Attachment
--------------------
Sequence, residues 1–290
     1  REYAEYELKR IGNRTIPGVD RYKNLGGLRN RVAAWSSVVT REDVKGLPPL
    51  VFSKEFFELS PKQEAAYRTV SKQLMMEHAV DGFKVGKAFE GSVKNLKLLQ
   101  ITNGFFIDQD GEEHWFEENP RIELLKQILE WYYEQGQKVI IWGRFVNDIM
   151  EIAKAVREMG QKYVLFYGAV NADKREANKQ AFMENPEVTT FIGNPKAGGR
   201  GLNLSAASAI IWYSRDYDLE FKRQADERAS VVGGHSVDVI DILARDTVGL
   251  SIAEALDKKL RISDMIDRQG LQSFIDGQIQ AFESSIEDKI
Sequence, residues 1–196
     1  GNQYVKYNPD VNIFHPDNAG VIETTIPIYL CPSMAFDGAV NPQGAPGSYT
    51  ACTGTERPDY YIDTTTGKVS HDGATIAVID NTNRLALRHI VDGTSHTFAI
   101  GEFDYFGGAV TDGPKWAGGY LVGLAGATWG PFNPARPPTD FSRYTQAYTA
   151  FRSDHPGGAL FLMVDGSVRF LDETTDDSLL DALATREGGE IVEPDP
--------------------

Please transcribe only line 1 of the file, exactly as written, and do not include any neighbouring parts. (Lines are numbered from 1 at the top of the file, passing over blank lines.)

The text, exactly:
Sequence, residues 1–290